A satellite tournament is either a minor tournament or event on a competitive sporting tour or one of a group of such tournaments that form a series played in the same country or region.
A satellite tournament in poker is a qualifying event. Winners of these satellites usually win the buy-in fee to a larger, more prestigious tournament like the World Series of Poker Main Event. Although there are some land-based satellite tournaments (usually for very high-stakes tournaments), most of them are online-based. Some sites, like PokerStars, maintain several tiers of satellites. A player can thus start out at one tier (not necessarily the lowest one) and play his way to a higher tier. The entry fee for each tier is always higher than the fee for the tier below it, with the first tier being the cheapest.
In professional tennis, satellite circuits were four-week tournaments (five before 1987), typically organised by a country's national tennis association and overseen by the International Tennis Federation. They were played by players who were ranked outside the top few hundred by the Association of Tennis Professionals, with openings for unranked players in the qualifying draw. Total prize money ranged from $25,000 to $75,000 per circuit. ATP points were awarded on the basis of a player's ranking within the circuit and from 1987 onwards on the basis of the conversion of a player's circuit points into ATP points. Players successful at this level of pro tennis would move on to play ATP Challenger Series or even top-flight ATP Tour events. The men's satellite tournaments were discontinued following the 2006 season as the circuit moved exclusively to one-week Futures tournaments.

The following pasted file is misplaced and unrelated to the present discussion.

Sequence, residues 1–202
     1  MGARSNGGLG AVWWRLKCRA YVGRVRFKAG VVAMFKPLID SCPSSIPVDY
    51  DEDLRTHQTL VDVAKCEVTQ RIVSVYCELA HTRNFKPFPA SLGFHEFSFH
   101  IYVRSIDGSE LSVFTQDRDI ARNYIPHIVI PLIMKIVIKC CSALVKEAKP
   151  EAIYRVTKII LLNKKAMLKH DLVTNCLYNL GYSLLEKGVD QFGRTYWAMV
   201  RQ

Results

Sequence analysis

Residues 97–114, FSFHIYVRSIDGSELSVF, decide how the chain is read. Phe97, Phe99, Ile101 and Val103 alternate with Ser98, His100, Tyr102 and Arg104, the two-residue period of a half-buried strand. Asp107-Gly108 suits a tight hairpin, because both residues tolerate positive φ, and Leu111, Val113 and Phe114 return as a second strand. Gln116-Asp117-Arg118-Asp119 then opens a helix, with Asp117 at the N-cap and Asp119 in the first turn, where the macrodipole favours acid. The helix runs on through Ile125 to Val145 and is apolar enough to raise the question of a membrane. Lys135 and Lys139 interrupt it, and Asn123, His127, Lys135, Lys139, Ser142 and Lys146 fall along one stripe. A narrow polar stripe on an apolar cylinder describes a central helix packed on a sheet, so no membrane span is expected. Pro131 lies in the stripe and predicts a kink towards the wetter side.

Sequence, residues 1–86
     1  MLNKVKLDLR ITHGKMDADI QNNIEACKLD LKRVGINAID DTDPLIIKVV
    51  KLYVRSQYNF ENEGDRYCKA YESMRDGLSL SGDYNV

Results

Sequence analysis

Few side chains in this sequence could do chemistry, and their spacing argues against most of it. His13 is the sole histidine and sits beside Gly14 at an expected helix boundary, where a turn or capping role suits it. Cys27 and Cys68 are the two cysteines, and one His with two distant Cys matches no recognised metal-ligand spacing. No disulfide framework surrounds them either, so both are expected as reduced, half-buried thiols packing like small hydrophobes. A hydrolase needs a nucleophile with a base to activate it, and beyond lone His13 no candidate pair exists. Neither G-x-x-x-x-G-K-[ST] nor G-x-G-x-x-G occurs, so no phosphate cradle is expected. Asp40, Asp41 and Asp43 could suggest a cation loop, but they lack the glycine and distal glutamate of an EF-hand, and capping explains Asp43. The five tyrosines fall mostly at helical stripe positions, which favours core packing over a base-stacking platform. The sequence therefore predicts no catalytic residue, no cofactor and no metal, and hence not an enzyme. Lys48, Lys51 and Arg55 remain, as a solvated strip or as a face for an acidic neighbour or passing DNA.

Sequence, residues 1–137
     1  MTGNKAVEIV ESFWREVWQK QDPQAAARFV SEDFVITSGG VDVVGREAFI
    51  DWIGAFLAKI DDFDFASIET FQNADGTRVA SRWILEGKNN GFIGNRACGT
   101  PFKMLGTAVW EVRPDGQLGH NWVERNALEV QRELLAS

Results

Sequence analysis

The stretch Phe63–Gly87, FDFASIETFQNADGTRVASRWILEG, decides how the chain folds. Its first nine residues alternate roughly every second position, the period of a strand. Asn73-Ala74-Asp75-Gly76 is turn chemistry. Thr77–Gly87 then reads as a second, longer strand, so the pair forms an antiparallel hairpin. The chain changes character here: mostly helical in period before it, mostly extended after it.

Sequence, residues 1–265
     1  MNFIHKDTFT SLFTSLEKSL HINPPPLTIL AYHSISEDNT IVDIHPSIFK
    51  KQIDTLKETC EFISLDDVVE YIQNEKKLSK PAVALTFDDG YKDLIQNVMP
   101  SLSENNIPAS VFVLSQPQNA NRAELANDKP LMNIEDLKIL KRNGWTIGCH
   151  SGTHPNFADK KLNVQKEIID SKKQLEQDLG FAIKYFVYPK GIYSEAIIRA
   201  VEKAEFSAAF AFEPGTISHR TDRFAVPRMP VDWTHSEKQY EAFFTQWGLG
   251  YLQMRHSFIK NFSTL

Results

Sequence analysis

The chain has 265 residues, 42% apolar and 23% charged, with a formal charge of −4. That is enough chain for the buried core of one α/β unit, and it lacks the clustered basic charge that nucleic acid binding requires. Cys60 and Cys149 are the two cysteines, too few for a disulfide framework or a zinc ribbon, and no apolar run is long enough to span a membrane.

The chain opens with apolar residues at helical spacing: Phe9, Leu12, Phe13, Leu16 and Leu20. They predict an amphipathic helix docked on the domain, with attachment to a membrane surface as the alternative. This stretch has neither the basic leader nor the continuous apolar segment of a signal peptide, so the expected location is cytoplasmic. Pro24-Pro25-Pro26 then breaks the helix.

A satellite tournament in pinball is modeled after those in poker. It is a smaller tournament that leads up to a major pinball championship, where participants have the opportunity to win their entry into the larger tournament. Applying the satellite tournament concept to pinball was first done by Northwest Pinball and Arcade Show in 2013 to promote both the show and the tournaments at the show. Since then, some other major tournaments have begun using the concept.